Monday, September 24, 2012

The Challenge of New Locational Knowledge for the Individual

In reading  “Movement-space” and  “Disjuncture and Difference in Global Cultural Economy,” both Thrift and Appadurai examine the problem of locating oneself in a changing cultural and global economy. As I read each article, I was struck by the question of how the individual is able—or unable—to maintain a sense of place and community. Indeed, both Appadurai and Thrift examine a feeling of anxiety and rupture resulting from being without “beginnings and endings” (Thrift) and lacking “points of departure and points of arrival” (Appadurai).

Thrift writes that it is a “challenge to think about new kinds of locational knowledge and how they sink into and condition social interchange” (596). Indeed, Thrift points to the way location has become more complicated. He writes, “there are no longer calculations with definite beginnings and ends. Rather, there is a place of endless calculation and recalculation, across which intensities continually build and fade” (591). Thrift’s discussion of being without these “time markers,” leads nicely into Appadurai’s argument. If we are without clear borders and markers, it is necessary that we can call on “the imagination as a social practice” (5, Appadurai).  Being able to imagine communities and networks of people is especially important when there is no other way to mark oneself in space and time.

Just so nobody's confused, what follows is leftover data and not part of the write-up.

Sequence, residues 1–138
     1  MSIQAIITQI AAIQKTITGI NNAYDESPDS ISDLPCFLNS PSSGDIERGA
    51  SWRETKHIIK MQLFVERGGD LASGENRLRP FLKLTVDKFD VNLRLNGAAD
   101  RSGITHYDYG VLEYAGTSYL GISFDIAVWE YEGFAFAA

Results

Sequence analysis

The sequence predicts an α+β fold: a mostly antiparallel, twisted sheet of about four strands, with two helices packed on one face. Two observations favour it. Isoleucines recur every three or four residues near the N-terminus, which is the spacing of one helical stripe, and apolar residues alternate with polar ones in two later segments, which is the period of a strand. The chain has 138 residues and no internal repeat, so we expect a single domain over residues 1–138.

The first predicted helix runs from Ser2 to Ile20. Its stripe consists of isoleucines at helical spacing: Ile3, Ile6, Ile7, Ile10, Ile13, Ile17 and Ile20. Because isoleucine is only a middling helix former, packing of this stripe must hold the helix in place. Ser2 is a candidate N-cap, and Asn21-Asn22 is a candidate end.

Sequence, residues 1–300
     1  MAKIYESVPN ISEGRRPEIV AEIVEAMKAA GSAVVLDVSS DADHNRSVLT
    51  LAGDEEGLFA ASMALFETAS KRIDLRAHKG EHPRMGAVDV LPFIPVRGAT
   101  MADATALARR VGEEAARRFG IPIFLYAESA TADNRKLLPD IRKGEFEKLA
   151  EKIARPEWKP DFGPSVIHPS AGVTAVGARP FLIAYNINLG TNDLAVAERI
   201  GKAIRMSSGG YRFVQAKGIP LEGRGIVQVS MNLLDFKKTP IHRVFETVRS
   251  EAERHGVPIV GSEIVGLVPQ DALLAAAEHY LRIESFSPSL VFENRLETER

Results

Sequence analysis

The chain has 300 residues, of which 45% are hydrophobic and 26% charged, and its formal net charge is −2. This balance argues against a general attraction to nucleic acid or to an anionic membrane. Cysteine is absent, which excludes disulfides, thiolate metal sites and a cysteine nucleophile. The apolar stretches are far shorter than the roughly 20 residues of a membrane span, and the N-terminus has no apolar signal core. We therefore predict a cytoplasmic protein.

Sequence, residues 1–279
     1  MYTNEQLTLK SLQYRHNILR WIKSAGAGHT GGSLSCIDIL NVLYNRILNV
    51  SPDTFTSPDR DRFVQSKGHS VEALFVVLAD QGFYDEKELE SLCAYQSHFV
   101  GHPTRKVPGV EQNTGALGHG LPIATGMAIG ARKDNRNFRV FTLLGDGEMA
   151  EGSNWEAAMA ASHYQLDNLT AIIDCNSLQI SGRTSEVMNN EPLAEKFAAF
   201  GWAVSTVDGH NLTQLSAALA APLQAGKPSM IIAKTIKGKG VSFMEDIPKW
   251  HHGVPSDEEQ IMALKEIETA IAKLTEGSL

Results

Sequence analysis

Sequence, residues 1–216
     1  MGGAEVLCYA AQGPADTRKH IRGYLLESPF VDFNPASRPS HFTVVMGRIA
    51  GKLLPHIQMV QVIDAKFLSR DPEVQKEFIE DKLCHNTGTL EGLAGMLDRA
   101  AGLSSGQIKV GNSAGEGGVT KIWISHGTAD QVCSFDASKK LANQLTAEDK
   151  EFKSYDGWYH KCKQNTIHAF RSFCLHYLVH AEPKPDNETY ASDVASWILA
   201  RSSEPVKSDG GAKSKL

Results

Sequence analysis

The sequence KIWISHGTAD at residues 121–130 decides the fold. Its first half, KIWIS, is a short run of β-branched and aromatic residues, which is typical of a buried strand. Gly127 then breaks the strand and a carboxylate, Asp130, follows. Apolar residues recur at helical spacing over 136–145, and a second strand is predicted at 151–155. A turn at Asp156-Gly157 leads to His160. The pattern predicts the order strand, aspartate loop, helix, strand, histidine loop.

Like Thrift, Appadurai examines a dynamic of disjuncture and rupture in which people struggle to understand their own sense of place. 
Appadurai writes, “what is new is that this is a world in which both points of departure and points of arrival are in cultural flux, and thus the search for steady points of reference, as critical life-choices are made, can be very difficult.”
 In this passage, we learn that “the tension between cultural homogenization and cultural heterogenization” (5) exists for individuals.  When culture is no longer fixed, identity development is a more complicated task. Appadurai points to the danger of being without a point of departure or arrival while showing the possibilities of being influx. In reading, it seems as though the disruption of the “master narrative of the Enlightenment,” (10) complicates peoples’ abilities to locate themselves in a cohesive narrative however this rupture is necessary in order to rewrite and dismantle Eurocentric historical traditions. Thus both Thrift and Appadurai examine the way this sense of anxiety and rupture may be important and even necessary to building a different sense of place and community.

Lastly, I am interested in Appadurai's call for us not to "throw out the process." I believe that he articulates the danger of experiencing the "in-flux" in isolation. As the global culture/economy changes, how can we develop identities without being in isolation? When is it productive to be without points of departure and points of arrival and when does this lead to greater alienation and rootlessness?

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